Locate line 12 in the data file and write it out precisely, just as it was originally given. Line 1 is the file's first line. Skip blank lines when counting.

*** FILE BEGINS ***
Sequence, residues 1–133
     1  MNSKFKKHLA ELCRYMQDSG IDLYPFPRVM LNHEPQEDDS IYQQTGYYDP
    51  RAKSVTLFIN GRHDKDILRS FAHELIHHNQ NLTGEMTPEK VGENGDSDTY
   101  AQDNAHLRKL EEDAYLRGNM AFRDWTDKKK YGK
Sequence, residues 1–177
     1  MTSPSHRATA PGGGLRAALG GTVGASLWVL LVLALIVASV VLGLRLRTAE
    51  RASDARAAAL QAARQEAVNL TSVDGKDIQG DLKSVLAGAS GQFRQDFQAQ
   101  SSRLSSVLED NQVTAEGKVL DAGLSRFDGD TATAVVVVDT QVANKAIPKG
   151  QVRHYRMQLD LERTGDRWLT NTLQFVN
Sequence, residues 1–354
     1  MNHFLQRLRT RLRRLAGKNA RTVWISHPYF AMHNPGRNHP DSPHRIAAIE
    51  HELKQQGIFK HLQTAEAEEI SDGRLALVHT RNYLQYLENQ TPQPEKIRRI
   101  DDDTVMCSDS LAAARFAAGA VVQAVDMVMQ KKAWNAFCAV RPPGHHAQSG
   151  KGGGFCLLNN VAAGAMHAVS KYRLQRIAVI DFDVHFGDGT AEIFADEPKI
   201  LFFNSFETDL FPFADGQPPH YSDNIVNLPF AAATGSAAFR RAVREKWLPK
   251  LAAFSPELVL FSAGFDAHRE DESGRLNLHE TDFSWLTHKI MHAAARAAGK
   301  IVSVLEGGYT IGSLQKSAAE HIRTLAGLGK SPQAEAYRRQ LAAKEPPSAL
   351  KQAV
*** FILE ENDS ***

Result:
    51  HELKQQGIFK HLQTAEAEEI SDGRLALVHT RNYLQYLENQ TPQPEKIRRI